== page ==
Bias is everywhere. In fact, it is biologically locked into our human psyche. Now before you go on thinking this is a political rant or whatever, it isn't. Besides, when have I EVER actually gone political on you, right? Never.
What this is about is yet another experience of being a healthcare consumer and how it relates to something called the Halo Effect. I've mentioned this more than once before; in effect, if you look the part, people will think higher of you to play the part.
So here's a personal-professional-all-around-transcendent thought process on....
The Power of Presentation
A couple weeks ago, the time finally came around for me to take my son to his very first dental appointment. I'm sure you've noticed in some of my linguo here on this blog... I don't exactly have fond sentiments towards dentistry. In fact, avoidant fear is perhaps a better descriptor. To my wife's entire credit, she did all the shopping around between social media, Yelp, and a few other resources, found the most highly recommended and rated practice within a reasonable drive. It looked great online and the reviews were really quite amazing.
So, we gave it a go!
You walked through the front door and it literally looked like a playhouse. The colors were bright, unoffending, and looked more like Chuck E Cheese than it did a dental office or any other healthcare clinic for that matter.
We entered and to the right were three playstations with 24 inch screens all set up and ready to go, games running, controllers waiting. The game options were Lego Star Wars, the game from the movie Up, and the Toy Story game. I had to do everything I could to avoid my own temptation to play. Turn left and you saw what probably was a 46 inch flat screen TV, mounted high up away from explorative little hands. On the screen was the Lego Movie.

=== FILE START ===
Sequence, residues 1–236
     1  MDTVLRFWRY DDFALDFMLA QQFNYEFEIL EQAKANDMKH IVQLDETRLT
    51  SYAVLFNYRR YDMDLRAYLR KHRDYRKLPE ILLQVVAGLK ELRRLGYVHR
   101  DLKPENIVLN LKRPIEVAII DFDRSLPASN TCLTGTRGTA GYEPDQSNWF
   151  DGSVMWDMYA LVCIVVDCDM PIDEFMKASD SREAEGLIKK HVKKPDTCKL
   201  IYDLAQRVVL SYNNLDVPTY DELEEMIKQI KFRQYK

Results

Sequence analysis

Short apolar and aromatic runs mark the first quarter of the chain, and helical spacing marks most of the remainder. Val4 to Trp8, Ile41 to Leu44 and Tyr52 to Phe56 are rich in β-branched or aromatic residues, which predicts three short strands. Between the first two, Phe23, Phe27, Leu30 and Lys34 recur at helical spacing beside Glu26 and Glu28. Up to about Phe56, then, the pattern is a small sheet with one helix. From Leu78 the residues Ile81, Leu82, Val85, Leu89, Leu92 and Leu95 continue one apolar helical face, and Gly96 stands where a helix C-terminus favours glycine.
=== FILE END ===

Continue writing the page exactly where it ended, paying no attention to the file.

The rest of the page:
There wasn't that smell of a dentist's office neither were there the sounds of drills, spittoons, and water hoses. It sounded like a place where kids would have fun. If my son wasn't going to go play, I certainly was! When we were called in, every treatment room was actually themed for play minus the adolescent rooms which were more traditional in the dentistry image. The rooms were themed for a certain age bracket and type of play.
The private room we went into had a small table, toddler seats, and a big box of toys. The playroom was the treatment room and it was incredible.
As it was specifically a pediatric dental practice, the entire place was specifically made to feel like a playground and it was AMAZING. The service was very fast. We were told what was to be expected at the front door, by the assistant, and then by the doctor.
Given similar price points and elements of convenience, a top-shelf looking place is always going to outshine the bargain deal. There is always a power of presentation given the fact that the business of healthcare is the service of people.
Why Am I Sharing This Story?
I share this life experience with you because I struggle in my recollections to how well physical therapy tends to be presented. Many PT departments have small backrooms, storage wells, and otherwise "the dungeon" type locations for offices. While most private practices certainly invest in their presentation, I find that larger organizations tend to be a bit in wanting.
I find this unfortunate because the larger organizations tend to serve a proportionately larger segment of our consumer base. If the dungeon is all that we have to offer, how much better could our services truly be in terms of expected quality?
In marketing, brand image nearly always outweighs brand identity because it is the consumer's mind we need to convince in buying our brand.
If this post does anything, I hope it emboldens those of you working within larger organizations (including students rotating in said settings) to perhaps bring up a humble discussion; maybe the powers at be would be willing to invest in presentations properly representative to the power of our clinical and valued added offerings.